I haven’t found a way yet of holding both realities, which seem to coexist while remaining very distinct
Often the message in a weekly email I’ve signed up to has been very timely, including a recent one that included a reminder that building a new life is possible, but requires a great deal
What is the impact on us as individuals and society if our capacity to choose is engaged primarily in the matter of consumption?
It’s vital in a city like Detroit that the voices of suffering, poverty and disadvantage are heard
During a trip to Sidmouth, I got to think about cafes, poscapitalism, and the fact that what’s needed is more than cool coffee bars and distressed wood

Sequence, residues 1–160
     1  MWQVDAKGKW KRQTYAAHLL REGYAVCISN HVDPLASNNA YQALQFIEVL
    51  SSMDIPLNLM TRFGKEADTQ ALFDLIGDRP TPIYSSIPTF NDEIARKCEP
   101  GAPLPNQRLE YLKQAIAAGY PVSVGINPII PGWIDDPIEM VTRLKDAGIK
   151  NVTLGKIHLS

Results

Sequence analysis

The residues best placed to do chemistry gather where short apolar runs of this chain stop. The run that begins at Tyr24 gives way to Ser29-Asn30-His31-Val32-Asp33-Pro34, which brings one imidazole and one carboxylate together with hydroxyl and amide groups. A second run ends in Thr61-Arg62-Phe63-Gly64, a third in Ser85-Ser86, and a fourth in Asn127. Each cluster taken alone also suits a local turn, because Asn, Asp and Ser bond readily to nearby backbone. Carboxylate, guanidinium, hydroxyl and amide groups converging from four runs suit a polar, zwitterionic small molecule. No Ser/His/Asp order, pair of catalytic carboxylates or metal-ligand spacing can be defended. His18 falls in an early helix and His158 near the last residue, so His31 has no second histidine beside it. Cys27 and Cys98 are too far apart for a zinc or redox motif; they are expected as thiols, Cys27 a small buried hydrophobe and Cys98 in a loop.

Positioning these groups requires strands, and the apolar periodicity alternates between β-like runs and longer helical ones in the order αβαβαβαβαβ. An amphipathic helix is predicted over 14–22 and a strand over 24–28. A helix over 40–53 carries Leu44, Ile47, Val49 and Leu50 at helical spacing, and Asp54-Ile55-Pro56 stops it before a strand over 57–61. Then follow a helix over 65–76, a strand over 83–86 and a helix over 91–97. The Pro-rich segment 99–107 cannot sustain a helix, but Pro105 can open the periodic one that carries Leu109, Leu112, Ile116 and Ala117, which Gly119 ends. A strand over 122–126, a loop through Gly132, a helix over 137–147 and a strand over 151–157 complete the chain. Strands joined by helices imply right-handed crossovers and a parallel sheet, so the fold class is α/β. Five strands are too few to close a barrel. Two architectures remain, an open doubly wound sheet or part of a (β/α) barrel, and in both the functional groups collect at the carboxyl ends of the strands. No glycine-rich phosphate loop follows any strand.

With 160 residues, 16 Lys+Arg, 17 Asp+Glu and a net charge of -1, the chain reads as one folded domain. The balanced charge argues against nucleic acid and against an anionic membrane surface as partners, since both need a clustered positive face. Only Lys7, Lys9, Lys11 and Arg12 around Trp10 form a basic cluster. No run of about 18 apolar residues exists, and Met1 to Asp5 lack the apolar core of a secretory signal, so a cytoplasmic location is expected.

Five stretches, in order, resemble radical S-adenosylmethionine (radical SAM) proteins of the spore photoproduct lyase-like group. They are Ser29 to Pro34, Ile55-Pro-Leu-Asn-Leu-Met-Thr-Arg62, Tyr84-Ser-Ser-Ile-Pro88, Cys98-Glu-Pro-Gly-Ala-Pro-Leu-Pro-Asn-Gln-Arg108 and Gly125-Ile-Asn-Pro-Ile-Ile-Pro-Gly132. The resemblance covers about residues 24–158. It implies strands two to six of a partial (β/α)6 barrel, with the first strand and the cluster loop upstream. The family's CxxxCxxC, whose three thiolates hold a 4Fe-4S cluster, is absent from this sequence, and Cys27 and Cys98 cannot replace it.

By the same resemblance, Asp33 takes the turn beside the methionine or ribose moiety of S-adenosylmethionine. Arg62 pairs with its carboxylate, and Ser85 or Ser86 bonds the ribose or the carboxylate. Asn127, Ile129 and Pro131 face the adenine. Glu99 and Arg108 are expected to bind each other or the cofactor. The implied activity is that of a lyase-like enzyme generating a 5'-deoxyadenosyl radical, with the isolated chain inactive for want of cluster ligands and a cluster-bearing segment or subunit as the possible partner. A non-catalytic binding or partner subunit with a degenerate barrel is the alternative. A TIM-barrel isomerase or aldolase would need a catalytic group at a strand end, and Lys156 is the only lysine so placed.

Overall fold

Being in New York has challenged me to think about the extent to which my sense of self rests on what I consume
It was great to come across great cafes and restaurants and enjoy the vibrancy of Detroit’s art projects and social enterprises, but the question of how everyone can benefit from its revival remains…
Are people in Detroit remaking a life based on old assumptions and principles, or are they going to the roots and foundations in order to fashion something new?
Can the good and the bad of Detroit somehow coexist and form connections and conversations that ultimately deliver social justice?
Perhaps one of the most important things about Charlie LeDuff’s book on the former boom town is how much he is changed by what he sees